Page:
A legal screw-up in Indiana has ruined the deer season for a lot of hunters, as the stat DNR confirms that rifles have been banned on state and federal land.
The state Department of Natural Resources issued a clarification to this season’s hunting regulations last week banning the use of rifles by deer hunters on public lands in the state, a practice that been both legal and popular in past years, says this story from guns.com.
“Due to recent legislation passed this year by the Indiana General Assembly, hunters can no longer use rifles when hunting deer on public land,” the clarification says. “‘Public land’ includes both state and federal property. Before the change, the use of rifles on public land had been legal.”
Hunters can still use a shotgun or muzzleloader on public land, and can use rifles on private property.
So how did something like this happen?
A bill was recently passed that was meant to expand hunting opportunities by amending the state’s rifle season for deer hunting. It allows the use of more rifle calibers.
But, instead, a flub in the bill’s language made it so the entire law only applied to private land and eliminated public options. Yeah, that’s pretty ironic. The real problem is, no changes can be made until next year.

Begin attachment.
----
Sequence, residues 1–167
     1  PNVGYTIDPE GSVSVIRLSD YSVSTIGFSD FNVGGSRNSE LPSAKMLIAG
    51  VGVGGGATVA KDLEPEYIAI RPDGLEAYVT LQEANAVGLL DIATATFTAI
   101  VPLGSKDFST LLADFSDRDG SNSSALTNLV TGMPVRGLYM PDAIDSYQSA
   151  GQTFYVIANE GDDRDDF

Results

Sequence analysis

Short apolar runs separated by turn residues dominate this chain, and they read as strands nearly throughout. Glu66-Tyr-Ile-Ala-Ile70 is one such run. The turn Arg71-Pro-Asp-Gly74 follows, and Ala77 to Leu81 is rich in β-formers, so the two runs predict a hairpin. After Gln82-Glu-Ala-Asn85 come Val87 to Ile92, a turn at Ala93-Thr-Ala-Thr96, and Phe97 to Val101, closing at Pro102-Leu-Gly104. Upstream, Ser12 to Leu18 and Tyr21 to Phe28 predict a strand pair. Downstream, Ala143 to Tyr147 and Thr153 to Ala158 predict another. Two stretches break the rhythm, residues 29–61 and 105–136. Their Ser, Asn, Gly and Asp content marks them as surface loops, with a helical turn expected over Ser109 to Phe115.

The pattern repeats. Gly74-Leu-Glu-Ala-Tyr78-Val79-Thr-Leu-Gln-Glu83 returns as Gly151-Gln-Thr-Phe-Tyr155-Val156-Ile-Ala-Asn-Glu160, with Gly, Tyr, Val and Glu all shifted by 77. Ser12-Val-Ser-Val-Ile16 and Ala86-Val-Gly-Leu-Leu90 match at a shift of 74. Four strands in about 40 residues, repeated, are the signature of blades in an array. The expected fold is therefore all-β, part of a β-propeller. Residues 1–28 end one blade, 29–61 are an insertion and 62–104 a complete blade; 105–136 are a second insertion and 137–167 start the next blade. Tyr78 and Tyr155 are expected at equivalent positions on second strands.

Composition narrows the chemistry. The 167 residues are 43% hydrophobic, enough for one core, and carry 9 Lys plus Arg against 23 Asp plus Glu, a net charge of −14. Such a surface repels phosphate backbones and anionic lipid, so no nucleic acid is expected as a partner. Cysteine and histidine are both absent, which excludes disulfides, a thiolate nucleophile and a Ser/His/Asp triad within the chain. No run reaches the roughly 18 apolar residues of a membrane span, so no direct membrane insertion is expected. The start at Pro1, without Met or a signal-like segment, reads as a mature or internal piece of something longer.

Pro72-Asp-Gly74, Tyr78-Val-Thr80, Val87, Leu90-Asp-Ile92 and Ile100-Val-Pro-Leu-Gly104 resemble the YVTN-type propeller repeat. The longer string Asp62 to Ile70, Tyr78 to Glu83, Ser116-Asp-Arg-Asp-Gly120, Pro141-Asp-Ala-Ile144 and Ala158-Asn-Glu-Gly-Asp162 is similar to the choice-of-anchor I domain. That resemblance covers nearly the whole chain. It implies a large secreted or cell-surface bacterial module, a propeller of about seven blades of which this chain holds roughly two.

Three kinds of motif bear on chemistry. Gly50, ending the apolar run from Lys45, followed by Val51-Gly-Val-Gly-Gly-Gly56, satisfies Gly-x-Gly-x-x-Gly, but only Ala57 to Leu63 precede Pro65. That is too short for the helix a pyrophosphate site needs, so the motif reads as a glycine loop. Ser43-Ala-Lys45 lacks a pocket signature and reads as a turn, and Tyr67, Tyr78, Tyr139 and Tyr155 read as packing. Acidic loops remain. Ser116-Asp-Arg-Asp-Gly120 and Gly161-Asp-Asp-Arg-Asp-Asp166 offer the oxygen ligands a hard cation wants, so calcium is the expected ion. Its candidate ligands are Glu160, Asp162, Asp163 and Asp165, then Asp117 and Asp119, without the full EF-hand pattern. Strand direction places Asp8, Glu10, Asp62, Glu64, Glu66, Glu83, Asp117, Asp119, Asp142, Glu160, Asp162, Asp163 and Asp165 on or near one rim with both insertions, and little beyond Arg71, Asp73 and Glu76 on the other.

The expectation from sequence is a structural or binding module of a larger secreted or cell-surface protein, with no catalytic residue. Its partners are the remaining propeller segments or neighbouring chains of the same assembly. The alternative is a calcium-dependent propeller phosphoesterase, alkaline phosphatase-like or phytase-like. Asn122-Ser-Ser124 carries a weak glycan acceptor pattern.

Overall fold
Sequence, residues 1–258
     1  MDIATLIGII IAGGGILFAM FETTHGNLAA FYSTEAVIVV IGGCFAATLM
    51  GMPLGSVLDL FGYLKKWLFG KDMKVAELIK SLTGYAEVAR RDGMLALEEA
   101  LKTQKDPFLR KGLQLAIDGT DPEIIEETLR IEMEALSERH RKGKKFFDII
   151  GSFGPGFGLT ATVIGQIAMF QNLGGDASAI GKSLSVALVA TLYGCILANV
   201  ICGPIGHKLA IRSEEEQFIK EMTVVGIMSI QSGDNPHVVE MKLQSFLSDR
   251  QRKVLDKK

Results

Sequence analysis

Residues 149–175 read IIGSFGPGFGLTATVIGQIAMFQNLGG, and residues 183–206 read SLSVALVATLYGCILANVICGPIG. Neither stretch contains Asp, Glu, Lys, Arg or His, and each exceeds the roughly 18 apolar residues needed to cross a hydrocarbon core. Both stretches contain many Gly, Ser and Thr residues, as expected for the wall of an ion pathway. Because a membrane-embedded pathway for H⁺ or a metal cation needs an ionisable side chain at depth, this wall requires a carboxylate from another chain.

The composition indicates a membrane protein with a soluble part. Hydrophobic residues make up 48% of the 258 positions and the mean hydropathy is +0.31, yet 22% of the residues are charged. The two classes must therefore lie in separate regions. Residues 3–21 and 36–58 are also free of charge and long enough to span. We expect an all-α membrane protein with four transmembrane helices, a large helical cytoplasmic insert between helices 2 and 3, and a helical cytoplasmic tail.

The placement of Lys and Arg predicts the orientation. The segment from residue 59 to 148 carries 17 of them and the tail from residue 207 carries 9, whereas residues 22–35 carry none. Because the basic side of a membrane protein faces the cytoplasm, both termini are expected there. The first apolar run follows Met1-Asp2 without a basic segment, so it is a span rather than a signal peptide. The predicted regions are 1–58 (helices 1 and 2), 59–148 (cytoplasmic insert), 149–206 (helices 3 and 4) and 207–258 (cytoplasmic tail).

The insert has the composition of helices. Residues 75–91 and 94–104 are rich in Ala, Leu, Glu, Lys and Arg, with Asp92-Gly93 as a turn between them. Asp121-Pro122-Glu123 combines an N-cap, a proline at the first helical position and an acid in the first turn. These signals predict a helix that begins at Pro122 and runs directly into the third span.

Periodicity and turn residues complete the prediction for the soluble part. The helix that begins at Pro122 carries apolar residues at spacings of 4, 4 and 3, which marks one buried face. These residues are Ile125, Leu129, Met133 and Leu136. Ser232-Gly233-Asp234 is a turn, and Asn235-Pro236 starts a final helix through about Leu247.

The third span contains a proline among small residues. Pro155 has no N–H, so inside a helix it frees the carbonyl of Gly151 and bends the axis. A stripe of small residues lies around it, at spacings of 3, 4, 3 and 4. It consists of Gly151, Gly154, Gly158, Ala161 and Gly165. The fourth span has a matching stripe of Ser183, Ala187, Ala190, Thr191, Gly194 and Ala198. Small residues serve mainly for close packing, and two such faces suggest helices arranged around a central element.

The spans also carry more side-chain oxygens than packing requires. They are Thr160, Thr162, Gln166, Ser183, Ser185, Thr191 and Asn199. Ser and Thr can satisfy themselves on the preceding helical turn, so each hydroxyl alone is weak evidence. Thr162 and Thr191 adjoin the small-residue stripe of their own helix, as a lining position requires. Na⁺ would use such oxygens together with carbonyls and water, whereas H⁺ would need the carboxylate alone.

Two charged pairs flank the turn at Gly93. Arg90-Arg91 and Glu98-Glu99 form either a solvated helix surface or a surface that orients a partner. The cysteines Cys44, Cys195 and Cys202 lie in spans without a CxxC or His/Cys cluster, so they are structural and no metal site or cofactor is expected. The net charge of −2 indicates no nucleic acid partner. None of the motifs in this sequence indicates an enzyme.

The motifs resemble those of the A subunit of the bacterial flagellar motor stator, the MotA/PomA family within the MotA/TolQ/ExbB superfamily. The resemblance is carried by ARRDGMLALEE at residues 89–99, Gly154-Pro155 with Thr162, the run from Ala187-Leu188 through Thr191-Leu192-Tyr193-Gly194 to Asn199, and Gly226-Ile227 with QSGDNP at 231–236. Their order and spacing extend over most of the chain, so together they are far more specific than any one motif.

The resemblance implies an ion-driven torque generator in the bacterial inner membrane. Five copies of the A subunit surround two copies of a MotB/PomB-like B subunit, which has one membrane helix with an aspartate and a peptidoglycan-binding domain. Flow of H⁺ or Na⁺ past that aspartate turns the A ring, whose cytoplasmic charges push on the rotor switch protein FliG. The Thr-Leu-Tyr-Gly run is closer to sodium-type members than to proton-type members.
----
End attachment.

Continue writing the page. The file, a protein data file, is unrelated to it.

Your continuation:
“In an attempt to address last year’s rifle changes, the law was changed to something that likely differed from the intent of many involved,” said DNR in a statement. “Unfortunately, that sometimes happens in lawmaking. That fact was noticed recently, long after the guide was published, and there is no mechanism for changing the law until next year. The online guide has been updated to reflect the change. Without making any promises, we are working with legislators on changing this law for next year, but for this year, rifles can be used to hunt deer only on private property.”
Specifically, in 2016 Gov. Mike Pence signed widely supported legislation that was intended to establish rifle seasons for the Indiana deer hunters on public lands, the story says.
However, the story says, the legislation allowed only a small array of approved calibers that hunters could use. This was criticized by hunting advocates who championed this year’s reform that expanded the definition to include more calibers.
The modification easily passed in the House and Senate (90-8, 41-8, respectively) but nobody caught the mistake until it was too late.
A solution is expected when lawmakers reconvene in January, but if passed ti wouldn’t go into effect until the 2018 deer season.
Last year, Indiana rifle hunters tagged 44,673 deer or 37 percent of all the deer taken in the state, the story says. The stats don’t say how many of those were shot on public vs. private land.